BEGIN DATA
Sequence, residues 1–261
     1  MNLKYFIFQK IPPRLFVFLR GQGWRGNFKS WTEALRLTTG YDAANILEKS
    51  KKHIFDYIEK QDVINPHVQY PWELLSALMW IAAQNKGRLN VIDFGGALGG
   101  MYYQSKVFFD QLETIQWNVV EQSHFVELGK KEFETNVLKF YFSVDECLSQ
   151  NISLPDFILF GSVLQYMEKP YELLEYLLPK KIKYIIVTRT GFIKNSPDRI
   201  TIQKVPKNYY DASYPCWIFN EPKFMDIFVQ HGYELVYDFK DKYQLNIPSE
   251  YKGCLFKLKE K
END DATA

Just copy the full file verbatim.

Sequence, residues 1–261
     1  MNLKYFIFQK IPPRLFVFLR GQGWRGNFKS WTEALRLTTG YDAANILEKS
    51  KKHIFDYIEK QDVINPHVQY PWELLSALMW IAAQNKGRLN VIDFGGALGG
   101  MYYQSKVFFD QLETIQWNVV EQSHFVELGK KEFETNVLKF YFSVDECLSQ
   151  NISLPDFILF GSVLQYMEKP YELLEYLLPK KIKYIIVTRT GFIKNSPDRI
   201  TIQKVPKNYY DASYPCWIFN EPKFMDIFVQ HGYELVYDFK DKYQLNIPSE
   251  YKGCLFKLKE K